To compete and thrive in the 21st century, democracies, and the United States in particular, must develop new national security and economic strategies that address the geopolitics of information. In the 20th century, market capitalist democracies geared infrastructure, energy, trade, and even social policy to protect and advance that era’s key source of power—manufacturing. In this century, democracies must better account for information geopolitics across all dimensions of domestic policy and national strategy.
We are living in a time when the major forces acting on the surface of the planet are driven by humans. During the lifetime of our children, major glaciers will disappear, sea levels will rise more rapidly than ever before, and atmospheric CO2 will reach levels not seen for hundreds of thousands of years. Changes are happening on a scale difficult for humans to understand. People do not seem to relate to figures, data, or facts; we understand stories, myths, and metaphors. Andri Snær will talk about a work in progress, where he is looking for a language, myths, and metaphors to understand climate change.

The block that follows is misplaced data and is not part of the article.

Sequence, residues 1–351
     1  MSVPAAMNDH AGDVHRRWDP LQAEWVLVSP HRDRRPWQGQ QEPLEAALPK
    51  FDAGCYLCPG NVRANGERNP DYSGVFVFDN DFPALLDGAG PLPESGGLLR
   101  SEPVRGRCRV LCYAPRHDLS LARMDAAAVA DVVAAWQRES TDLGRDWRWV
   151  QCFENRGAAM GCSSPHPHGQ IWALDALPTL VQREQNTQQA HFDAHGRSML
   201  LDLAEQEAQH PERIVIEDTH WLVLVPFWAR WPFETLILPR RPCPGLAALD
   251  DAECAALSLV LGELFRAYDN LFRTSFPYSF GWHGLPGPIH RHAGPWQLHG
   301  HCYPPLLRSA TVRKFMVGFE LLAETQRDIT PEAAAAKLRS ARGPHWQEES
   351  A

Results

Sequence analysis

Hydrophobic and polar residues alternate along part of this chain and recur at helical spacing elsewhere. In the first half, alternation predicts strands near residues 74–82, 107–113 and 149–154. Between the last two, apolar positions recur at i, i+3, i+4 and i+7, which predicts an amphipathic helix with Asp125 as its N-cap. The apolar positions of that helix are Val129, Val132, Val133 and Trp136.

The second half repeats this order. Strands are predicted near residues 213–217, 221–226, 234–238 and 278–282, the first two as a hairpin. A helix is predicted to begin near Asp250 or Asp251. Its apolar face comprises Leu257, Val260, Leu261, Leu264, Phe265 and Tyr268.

Andri Snær Magnason is an Icelandic writer, born in Reykjavík. He has written poetry, plays, books of fiction and non fiction, and his documentary film has shown in festivals all over the world. He has won the Icelandic literary award in all categories: fiction, non fiction, and children's literature. His novel LoveStar received the Philip K Dick special mention in 2012 and the French Grand Prix de l'Imaginaire for best sci-fi book of 2016. His work has been published or performed in more than 35 countries. Andri has been active in the debate about the future of the Icelandic highlands, and his book Dreamland, a Self-Help Manual for a Frightened Nation, is one of the biggest bestsellers in Icelandic history. Andri came third in the 2016 Icelandic presidential election, making the new constitution and a Highland national park part of his agenda.